She presented a lot of excellent information. And what I would encourage listeners to do is you may not be looking for a sponsor. on your podcast because maybe you have one or you don't, but you may want advertising on your
website or you may want to look at becoming a sponsor for somebody who is doing a podcast or a YouTube channel in your business's niche or market. Yeah. Her name is Erin Elizabeth Hines and yeah, she does have relationships with promoters and
that kind of thing. You have sponsored episodes and that and she gave a lot of advice if you wanted to go that route. Yeah, it's interesting. Yeah. So I want to give like, I have some thoughts about the presentations in general,
and I'm not going to name names because I want to draw on some things that we've talked on in the podcast in the past. One of the things that we often talk about is accessibility. And I had an issue with at least two
the presenters that their slides were not easily read because they didn't have good contrast. Like the one that I'm thinking. of the background was a like a light medium green with white text or a yellow headline.
And I couldn't read it at all. It was really hard to focus on them. Yeah. I had one talk where they mentioned this to you Sean. They did that thing where they would have some funny animated GIF on a slide to represent
the thought that they're trying to convey at that moment, which is funny for the first five seconds when you see it loop and then as they're talking over that slide for the next five minutes, it's just loop.
after loop of that same animated GIF. And it's very distracting when you're supposed to be focusing what they're saying. So not that great. The other thing that I would say to speakers at conferences,
and please remember, I used to teach public speaking, so I'm speaking from experience as a teacher and somebody who attends a lot of conferences, don't whisper when you talk really quietly. Nobody can hear you.
Yeah. You need to project if you don't have a microphone because the venue doesn't have one. You need to speak loudly. That's not yelling. It's projecting deep breaths speak from your diaphragm Yeah, I there's three or four presenters that I had I struggled listening to them
And I was not necessarily sitting in the back of the room. I was in the middle of the room most of the time Yeah, please speak loudly. Yeah, this conference is I mean, it's not the most, you know, high-budget conference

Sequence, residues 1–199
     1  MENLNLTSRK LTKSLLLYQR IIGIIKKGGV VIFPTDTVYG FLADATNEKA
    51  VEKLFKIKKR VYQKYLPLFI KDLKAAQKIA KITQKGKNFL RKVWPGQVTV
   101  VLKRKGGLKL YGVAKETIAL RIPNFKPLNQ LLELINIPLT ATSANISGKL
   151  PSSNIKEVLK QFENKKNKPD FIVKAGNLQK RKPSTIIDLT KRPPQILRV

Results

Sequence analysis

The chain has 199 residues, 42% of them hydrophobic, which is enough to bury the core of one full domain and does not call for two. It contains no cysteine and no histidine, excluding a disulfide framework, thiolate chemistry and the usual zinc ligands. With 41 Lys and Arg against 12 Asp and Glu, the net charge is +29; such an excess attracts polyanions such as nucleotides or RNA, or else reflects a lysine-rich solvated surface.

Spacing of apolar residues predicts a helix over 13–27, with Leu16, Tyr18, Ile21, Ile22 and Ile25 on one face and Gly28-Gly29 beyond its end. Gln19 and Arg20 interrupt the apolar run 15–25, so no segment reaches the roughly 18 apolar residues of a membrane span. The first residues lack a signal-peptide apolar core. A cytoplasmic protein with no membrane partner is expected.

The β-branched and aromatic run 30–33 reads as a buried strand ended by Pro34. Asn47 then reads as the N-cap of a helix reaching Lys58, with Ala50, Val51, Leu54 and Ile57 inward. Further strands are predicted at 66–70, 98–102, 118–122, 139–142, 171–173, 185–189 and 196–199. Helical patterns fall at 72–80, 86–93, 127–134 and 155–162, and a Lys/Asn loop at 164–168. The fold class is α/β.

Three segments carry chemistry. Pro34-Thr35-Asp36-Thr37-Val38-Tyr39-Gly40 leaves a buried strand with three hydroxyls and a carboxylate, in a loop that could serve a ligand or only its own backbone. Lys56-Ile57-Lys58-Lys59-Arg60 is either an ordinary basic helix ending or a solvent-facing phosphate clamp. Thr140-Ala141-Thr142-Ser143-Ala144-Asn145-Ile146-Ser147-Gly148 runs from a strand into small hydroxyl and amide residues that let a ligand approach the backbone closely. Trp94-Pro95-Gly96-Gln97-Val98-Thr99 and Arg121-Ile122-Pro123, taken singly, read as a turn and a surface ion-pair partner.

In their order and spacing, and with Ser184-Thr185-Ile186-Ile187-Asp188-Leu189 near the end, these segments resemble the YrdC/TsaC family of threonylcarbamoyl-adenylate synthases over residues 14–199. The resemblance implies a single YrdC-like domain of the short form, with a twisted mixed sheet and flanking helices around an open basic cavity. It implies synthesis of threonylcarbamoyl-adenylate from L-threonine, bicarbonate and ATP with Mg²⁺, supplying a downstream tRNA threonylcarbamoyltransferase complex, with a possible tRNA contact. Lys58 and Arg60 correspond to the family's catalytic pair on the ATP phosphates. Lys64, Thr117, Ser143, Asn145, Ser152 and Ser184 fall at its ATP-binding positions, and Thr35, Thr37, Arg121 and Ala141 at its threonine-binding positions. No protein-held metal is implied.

It's a free conference you pay what you want and There were very few microphones like the panels sometimes had mics if they're seated at a table there, but most speakers did not have a microphone, so they had to just speak
to the room. Yeah, overall, this was a great conference. I am planning to attend next year. Podcamp Toronto has been around for 15 years or so. This is my first time going. Really liked it. If you're in the area or a close drive away or you want to fly in, check it out.
It is worth going to. Podcamp Toronto. Hopefully next year we will have a session at the get it in time and not have a duplicate that's already in there. or whatever. You could meet us. That's right. Come out and check us out. And Amanda will
hopefully be with us that time. She couldn't make it this time because she had a previously planned vacation. Yeah. She flew out on Saturday morning, conference started Saturday morning. Anyways, thank you for listening to this episode of the website 101 podcast. We'll see you on the
next one. Bye. Bye. The website 101 podcast is hosted by me, Amanda Lutz. You can also find me online at amandalutz.com.
Have a question for Sean, Mike, and Amanda? Send us an email.
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- 2 Website Contract Advice From an Actual Lawyer
- 3 Choosing a CMS
- 4 Tips for Website Maintenance
- 5 Working with Conflicting Personalities
- 6 Building an Online Course with Jane Atkinson
- 7 PodCamp Toronto 2023 Recap
- 8 The Good, The Bad, and the Ugly about RFPs
- 9 Here's how to work from paradise
- 10 Rebroadcast: Pimp Your Typography
- 11 Internet Privacy with Michael Geist
- 12 Lessons from a plugin developer with Ben Croker
- 13 Stand Out on Social Media with Jessica Perreault